Mon Dec 31, 2012, 04:50 PM
n2doc (30,761 posts)
90 of the world’s rarest animals are in a North England field
In a 360-acre field in the county of Northumberland, there are large beasts ten times rarer than the mountain gorilla and the Siberian tiger and three times rarer than the right whale. Humans haven't even touched them in centuries.
These are the Chillingham cattle, a wild subspecies that has lived in the same field for nearly a millennium. Unlike almost all other cattle in the United Kingdom — and indeed, the world at large — these cattle aren't domesticated, and it's possible but unproven that they might be direct descendants of the wild aurochs that roamed Europe before domestication. The Chillingham cattle are smaller than their domestic counterparts, weighing in at around 650 pounds, and they are so wild that they can't tolerate any direct human contact, as game warden Richard Marsh explains in a recent BBC article:
"No human hand touches them and they receive no veterinary care either... If humans were to handle them, they would change the way in which they smell. This would lead to any such beast being rejected by the herd and they'd kill them... By this time of year they've flattened the grass to the ground and any grass there is still growing will have no goodness - it'll all have gone into the root for next year. Surrounded with a fence means they cannot wander off and find food, so we have to keep them going, probably through to about March, with a couple of round bales of hay a day."
Outside of that indirect feeding, humans have to stay well away from the Chillingham cattle, and it's an arrangement that's worked just fine since around 1240, when it's believed that the field was first enclosed. The Chillingham cattle likely weren't the beneficiaries of 13th century conservation, but rather were protected as part of an effort to keep Scottish marauders out of royal lands. Despite centuries of inbreeding, these 90 cattle — and another 20 kept at a reserve location in Scotland — are still going strong, a sort of biological oasis from the modern ecological world.
12 replies, 4364 views
90 of the world’s rarest animals are in a North England field (Original post)
|Solly Mack||Dec 2012||#6|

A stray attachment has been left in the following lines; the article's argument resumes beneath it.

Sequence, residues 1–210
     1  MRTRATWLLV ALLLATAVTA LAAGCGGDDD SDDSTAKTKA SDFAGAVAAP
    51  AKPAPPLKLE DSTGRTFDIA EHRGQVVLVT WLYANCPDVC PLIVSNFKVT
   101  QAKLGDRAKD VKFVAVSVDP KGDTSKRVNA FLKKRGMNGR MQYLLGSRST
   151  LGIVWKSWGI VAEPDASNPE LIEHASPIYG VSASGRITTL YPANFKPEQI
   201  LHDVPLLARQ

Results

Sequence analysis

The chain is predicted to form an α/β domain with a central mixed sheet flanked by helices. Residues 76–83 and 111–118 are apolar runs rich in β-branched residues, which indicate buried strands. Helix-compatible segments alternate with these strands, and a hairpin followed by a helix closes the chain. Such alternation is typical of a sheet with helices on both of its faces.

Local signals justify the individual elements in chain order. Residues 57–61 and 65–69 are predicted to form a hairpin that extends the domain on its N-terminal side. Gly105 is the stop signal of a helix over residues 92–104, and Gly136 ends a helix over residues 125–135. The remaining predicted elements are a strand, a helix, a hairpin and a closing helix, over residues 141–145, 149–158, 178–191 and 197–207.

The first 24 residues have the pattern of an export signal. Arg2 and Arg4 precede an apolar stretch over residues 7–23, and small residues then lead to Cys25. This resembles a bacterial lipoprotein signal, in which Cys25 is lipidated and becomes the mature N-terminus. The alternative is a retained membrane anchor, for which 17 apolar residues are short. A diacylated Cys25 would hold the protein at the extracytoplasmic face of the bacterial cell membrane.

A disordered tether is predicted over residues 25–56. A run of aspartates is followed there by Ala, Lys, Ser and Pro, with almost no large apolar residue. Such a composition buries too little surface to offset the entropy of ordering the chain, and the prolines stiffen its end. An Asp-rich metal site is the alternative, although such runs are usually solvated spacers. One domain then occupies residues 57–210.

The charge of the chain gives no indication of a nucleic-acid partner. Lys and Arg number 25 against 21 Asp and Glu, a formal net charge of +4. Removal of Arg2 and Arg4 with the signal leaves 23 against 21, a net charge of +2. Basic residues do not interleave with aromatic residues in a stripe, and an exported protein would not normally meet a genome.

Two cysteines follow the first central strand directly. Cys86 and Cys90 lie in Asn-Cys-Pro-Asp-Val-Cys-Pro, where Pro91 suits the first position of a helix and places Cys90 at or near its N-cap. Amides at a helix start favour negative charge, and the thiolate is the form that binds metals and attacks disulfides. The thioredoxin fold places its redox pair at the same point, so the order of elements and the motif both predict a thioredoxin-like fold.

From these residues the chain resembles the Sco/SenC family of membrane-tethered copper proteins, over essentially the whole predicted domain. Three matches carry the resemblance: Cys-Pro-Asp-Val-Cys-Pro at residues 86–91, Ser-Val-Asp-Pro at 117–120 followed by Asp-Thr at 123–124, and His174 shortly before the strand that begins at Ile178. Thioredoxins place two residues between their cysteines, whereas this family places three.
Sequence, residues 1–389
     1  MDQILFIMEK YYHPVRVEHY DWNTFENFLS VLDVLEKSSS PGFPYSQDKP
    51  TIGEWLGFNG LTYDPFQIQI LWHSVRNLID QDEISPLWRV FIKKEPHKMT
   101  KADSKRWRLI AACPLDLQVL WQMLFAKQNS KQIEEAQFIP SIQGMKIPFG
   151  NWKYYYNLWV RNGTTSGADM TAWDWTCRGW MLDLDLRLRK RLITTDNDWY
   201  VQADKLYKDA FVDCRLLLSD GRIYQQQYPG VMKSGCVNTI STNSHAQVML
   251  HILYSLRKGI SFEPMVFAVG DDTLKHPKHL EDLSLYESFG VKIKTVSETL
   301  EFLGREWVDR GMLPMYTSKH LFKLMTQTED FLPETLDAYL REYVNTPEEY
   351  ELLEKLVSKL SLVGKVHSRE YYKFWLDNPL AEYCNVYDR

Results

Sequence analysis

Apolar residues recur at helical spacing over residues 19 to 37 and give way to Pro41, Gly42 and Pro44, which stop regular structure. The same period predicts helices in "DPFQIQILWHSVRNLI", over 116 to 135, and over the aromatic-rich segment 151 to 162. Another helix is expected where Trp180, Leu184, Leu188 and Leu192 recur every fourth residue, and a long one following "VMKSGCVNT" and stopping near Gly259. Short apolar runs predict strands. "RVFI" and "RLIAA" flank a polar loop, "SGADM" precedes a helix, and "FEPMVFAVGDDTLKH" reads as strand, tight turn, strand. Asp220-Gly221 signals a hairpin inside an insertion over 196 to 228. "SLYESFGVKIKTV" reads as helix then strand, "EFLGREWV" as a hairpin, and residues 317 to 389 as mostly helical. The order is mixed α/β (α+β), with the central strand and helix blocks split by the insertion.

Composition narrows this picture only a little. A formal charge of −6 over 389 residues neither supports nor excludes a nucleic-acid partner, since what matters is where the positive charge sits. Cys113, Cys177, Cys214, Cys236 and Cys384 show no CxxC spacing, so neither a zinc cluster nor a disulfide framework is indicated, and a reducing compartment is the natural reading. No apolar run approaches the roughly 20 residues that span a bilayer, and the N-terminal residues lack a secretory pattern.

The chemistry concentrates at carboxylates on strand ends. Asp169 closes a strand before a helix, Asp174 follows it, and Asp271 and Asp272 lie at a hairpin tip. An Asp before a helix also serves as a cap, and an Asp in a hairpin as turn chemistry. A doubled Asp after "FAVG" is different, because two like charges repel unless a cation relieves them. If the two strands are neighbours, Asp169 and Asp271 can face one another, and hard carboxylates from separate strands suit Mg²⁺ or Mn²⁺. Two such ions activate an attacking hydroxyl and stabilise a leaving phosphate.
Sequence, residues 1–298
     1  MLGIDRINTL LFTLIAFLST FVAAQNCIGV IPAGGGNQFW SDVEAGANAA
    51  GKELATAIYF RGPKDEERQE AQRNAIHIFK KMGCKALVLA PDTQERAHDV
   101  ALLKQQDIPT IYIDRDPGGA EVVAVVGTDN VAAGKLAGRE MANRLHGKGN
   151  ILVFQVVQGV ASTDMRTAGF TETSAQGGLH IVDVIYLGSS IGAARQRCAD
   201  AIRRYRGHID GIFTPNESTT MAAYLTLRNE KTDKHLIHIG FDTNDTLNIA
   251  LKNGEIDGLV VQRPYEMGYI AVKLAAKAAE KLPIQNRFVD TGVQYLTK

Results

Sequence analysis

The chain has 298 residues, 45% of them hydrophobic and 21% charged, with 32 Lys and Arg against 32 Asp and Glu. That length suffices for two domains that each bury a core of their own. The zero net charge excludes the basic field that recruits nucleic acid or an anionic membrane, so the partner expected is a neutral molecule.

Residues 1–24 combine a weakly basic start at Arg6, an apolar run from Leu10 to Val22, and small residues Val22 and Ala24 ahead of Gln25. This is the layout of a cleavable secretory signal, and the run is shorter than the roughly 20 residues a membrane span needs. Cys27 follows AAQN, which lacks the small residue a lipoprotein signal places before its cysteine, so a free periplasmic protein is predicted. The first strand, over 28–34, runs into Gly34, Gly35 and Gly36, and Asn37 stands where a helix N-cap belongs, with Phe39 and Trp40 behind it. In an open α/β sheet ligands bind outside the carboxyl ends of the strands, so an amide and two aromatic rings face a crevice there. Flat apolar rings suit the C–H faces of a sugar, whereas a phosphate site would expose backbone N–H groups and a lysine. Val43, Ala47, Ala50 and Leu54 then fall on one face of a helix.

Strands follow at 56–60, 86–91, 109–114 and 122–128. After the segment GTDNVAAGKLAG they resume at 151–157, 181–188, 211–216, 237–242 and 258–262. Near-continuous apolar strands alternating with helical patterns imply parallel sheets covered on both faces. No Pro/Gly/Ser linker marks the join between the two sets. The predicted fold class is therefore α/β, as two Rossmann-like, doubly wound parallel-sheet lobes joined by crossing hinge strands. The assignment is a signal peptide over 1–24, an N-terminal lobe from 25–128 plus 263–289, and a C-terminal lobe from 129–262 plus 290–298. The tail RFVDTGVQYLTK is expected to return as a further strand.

Response to Odin2005 (Reply #5)
Tue Jan 1, 2013, 01:48 PM
BlancheSplanchnik (9,866 posts)
7. really!!!!!!!! SOOOOOOOO cool!
Amazing; all these centuries they've received human protection from humans!!!!! Thankfully!!!!!
Hey Odin, Happy New Year!
Response to Odin2005 (Reply #5)
Wed Jan 2, 2013, 10:30 PM
Yo_Mama (5,162 posts)
11. Those aren't aurochs
Aurochs weren't white - the bulls were dark with a light stripe down the back and the cows were reddish-brown. If all these animals are white, then they may have been enclosed as a king's property for religious reasons. In a lot of cultures a white animal has a special significance - in some for sacrifices and in some just for luck. For example, in some Amerindian cultures a white bull is a huge deal.
Response to n2doc (Original post)
Fri Jan 4, 2013, 07:31 PM
muriel_volestrangler (70,755 posts)
12. Only 8 cows and 5 bulls survived the 1946-47 winter
Disaster struck in 1947. Practically no hay had been made the previous year, owing to appalling weather, and the winter started in earnest at Chillingham on 22 January. For 60 days the park was snowbound, with some drifts 40 feet deep. At the end of 1946 there were 34 animals; at the end of March 1947, there were just 13 – 5 bulls and 8 cows. It took a while for breeding to resume; no calves were born until the spring of 1949. Numbers climbed back and rose steadily until the late 1970s when there was a period of instability, after which they remained steady at around 40-50 but with a slight decline to 2002. Around then, the size of the sheep flock that shared the park (under a separate grazing tenancy) began to be reduced and the flock was removed altogether in 2005. And now, there are more Chillingham cattle than there have ever been, in their recorded history.